On Narrativeless Games

So, in thinking about narratives in games, I started by considering very simple and very early games. It occurred to me that something like Pong or Tetris are essentially narrativeless. This didn’t seem particularly noteworthy, until I started trying to find more narrativeless games, and realized they were actually exceedingly rare.

It seems to me that games like Pong don’t have narratives because they are pretty much straight-up representation of real-world games. Other examples are things like Solitaire. These very simple games based on very simple games don’t have narratives, and seem like a very distinct branch of gaming. Playing Solitaire on a computer and playing it with cards are virtually the same experience; the only real advantage of computer Solitaire is convenience.

But certainly not all simple games are narrativeless. Something that would get grouped together with Solitaire is Minesweeper, the other mainstay of free computer games. However, I would argue that Minesweeper does represent a narrative, albeit an extremely small-scale one. The little smiley face is sad if you blow up a mine, and happy if you clear the field safely. Certainly not a particularly compelling narrative, but I would argue that the game is a narrative because it is a further level of abstraction from the real-world. Although I could go play Solitaire with some cards and have the same experience as the game, actual minesweeping bears little resemblance to the game.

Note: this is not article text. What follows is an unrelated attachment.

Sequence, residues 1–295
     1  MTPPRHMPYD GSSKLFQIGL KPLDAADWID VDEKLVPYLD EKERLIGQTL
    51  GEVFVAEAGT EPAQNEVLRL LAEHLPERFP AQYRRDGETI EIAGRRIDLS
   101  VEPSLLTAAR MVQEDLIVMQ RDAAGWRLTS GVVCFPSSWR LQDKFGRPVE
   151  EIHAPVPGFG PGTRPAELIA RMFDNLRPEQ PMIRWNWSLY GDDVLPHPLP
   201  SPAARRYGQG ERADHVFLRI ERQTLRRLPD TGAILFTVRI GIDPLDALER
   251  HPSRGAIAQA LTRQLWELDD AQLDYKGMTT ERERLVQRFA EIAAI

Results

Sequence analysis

Now, there’s also Tetris. There is no real narrative there, no real justification for the falling blocks, and why they have to be arranged, and why they disappear when you fill a line. And certainly, a narrative isn’t required. But yet, when I thought about it, I realized that even in the puzzle genre, many of which very closely follow the Tetris model, very few of them are actually narrativeless. Many games, like Puyo Puyo or Super Puzzle Fighter are structured as a duel, with the player character and a computer player playing competing games. What the puzzle game has to do with the battle between the two characters is never explained, but it is still a very common narrative frame for puzzle games. Then there’s something like Puzzle Bobble (aka Bust-a-Move) where the little dragons hurl marbles at the ceiling, in some inexplicable attempt to prevent the ceiling from crushing them. As Tetris shows, there is not reason that a narrative is necessary for an engaging puzzle game to succeed, and yet it does seem to be the dominate model.

For whatever reason, narratives seem natural to games, as though you have to go out of your way to not have one. I think the central issue is that outside of very simple games like Tetris or Solitaire, it is almost impossible to make a game without a narrative. Can you imagine a game where a character jumps around, hopping on enemies and progressing through levels? Even that is a narrative. It seems like once a conflict enters the equation, once the player is pitted against computer controlled entities, a narrative forms.


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